History & heritage  |  08 Jul 2019

People are being urged to put forward ideas for the best future use of the reserve that was the former Godley House site in Diamond Harbour.

Built in 1880, the former home of leading Canterbury artist Margaret Stoddart was severely damaged in the 2010-2011 earthquakes. It was demolished in 2012.

The Stoddart family had bought Godley House from a Lyttelton merchant, Harvey Hawkins, in the mid-1890s. It was sold in 1913 and later used as a hotel, restaurant and conference centre.

Ideas for future use are being sought for a landmark site in Diamond Harbour.

Future options are being sought for a landmark Diamond Harbour site.

The Christchurch City Council now wants public feedback to help inform a decision on the use of the empty site, including whether any change to the area’s recreation classification is required to better meet community needs.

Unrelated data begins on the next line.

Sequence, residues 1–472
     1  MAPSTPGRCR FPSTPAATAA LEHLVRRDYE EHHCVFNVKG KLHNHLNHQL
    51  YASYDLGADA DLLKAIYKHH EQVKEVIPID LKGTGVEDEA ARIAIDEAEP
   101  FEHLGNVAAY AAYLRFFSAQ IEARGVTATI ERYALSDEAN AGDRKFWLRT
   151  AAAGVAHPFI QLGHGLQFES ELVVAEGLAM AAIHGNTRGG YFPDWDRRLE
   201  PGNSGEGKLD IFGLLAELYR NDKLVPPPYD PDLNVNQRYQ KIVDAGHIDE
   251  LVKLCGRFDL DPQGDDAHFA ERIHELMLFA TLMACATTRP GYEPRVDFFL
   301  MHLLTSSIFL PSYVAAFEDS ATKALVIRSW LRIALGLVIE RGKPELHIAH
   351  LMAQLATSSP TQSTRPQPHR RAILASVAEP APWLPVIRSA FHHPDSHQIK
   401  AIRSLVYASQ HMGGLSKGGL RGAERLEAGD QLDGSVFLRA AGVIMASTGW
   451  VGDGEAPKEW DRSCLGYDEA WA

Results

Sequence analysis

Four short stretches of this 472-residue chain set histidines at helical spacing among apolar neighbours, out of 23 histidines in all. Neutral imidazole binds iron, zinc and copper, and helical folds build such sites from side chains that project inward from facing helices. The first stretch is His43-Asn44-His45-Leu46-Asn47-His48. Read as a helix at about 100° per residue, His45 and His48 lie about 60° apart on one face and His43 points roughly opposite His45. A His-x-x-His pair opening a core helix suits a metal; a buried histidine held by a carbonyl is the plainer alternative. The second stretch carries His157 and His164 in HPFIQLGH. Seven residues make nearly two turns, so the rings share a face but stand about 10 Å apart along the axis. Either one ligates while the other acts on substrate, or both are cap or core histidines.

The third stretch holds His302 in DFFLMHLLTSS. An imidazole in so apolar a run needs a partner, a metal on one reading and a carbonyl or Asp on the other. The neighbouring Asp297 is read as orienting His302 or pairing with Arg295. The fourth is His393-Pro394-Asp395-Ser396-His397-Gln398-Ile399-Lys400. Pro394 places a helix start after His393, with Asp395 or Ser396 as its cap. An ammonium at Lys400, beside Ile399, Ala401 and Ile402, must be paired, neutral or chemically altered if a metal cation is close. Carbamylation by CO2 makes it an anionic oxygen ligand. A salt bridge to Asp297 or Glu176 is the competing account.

Consultation is now open, with the local community invited to attend a drop-in session on Saturday, 20 July at the Diamond Harbour Community Centre from 1pm to 3pm.

Council Parks Planning and Asset Management Manager Kelly Hansen says the Council wants to know the local community’s views.

“It is a landmark site in Diamond Harbour, and an area with considerable historical and cultural values in the development of Banks Peninsula,” Ms Hansen says.

“Several major Stoddart works also feature the house and gardens.

“We hope that residents can take the time to drop in to the upcoming public session at the local community centre and share their ideas, or make a submission online.”

Banks Peninsula Community Board Chairperson Pam Richardson has welcomed the move to make the most of the site.

“We hope that everyone makes their voices – and opinions – heard,” Mrs Richardson says.

“It’s important that the local community plays a strong role in the final recommendation.”

Consultation closes on Monday, 5 August, with a report going to the Banks Peninsula Community Board on Monday, 2 September.